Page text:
In this segment from the MarketFoolery podcast, host Chris Hill and senior advisor Bill Mann discuss the strange story of LongFin (LFIN), a company that came public via the JOBS Act. Shares have been extremely volatile, and the Securities and Exchange Commission on April 6 placed an emergency freeze on $27 million of proceeds from allegedly illegal stock sales. The Fools agree it's an example of investors giving too much credibility to a company just because it has cryptocurrency somehow attached to it.
A full transcript follows the video.
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This video was recorded on April 12, 2018.
Chris Hill: Earlier this month, the Securities and Exchange Commission here in the United States of America froze $27 million in trading profits involving the CEO of a company I'd never heard of before called Longfin, which is a cryptocurrency company. What about this story caught your attention?
Bill Mann: First of all, the CEO of Longfin has now twice gone on CNBC and has given the most unhinged interviews I have ever seen. Most of this company's business is in Singapore, to the extent that it's trackable at all. This company came public in the U.S. under the JOBS Act, which purportedly, as the name would suggest, is to bring jobs into the U.S. They came on CNBC and they said, "How many employees have you added?" And he said, "We have three. We'll probably get to 12."
Hill: [laughs] That doesn't seem like a big number.
Mann: No. It's not so job-y, not so deep in the jobs. Somehow, this company got to be worth $6 billion on the U.S. Stock Exchange, on NASDAQ, actually. And there's actually no telling what, if anything, that this company is actually worth. So finally, this last week, in an emergency stop, trading was halted in Longfin. The stock has dropped about 90%. The cryptocurrency that they have, almost no information is available on it, it's called Ziddu. As far as I can see, there's been one transaction ever in Ziddu. I literally have no idea what this company does, and yet it managed to be worth $6 billion, and it's on its way back down. I think it's probably a zero. I probably haven't used the word allegedly enough, we're creating for ourselves some issues, [laughs] but let's just assume that every other word I've used was allegedly.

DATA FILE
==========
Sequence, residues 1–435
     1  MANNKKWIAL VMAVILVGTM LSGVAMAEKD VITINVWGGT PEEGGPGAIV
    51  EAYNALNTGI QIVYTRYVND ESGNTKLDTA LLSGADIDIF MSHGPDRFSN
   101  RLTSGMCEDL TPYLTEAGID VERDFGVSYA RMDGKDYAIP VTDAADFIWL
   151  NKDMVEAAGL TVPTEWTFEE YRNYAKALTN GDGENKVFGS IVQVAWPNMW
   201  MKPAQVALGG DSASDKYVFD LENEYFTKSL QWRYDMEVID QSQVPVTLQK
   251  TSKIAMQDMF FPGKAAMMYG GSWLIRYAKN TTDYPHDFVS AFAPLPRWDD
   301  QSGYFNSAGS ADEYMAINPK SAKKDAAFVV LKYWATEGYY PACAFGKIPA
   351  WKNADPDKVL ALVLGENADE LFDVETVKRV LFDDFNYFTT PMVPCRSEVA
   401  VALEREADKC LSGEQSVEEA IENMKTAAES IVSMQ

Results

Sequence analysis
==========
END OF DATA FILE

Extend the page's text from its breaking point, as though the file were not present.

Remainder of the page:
Hill: Among my thoughts are that this is one more thing about cryptocurrency that isn't helping. For people like our colleague Aaron Bush, who is a believer in cryptocurrency and blockchain technology and looks at both of those and says, "There are viable futures for both of these," stuff like this doesn't help.
Mann: Yeah. This is such a great story!
Hill: Because at the moment, you have this clown, and let's just say, allegedly, a decent amount of illegal activity going on with cryptocurrency. Right now, a healthy portion of people who are using cryptocurrency are engaging in what we like to call "allegedly criminal activity."
Mann: Yeah, "alleged fraud," allegedly. It's a pattern that's as old as time. You can absolutely bet your bottom dollar that wherever there is a bull market, right underneath it, there's a bull market in fraud. Whatever segment it is, wherever it's been, no matter what. We saw it in 2006, when people could not get enough of Chinese small-cap companies. And it turned out that most of those Chinese small-cap companies that came public in the U.S. through reverse mergers probably came public through reverse mergers because they could not have gone public through the front door. I think, very much similarly, in 2017 with the absolute magnificent, stunning rise in the values of cryptocurrencies, it became an area where people gave way too much credibility to anything that had crypto attached to it, and this is one of them.
Hill: Long Island Iced Tea, just slapping the word blockchain on their name.
Mann: Yeah, exactly.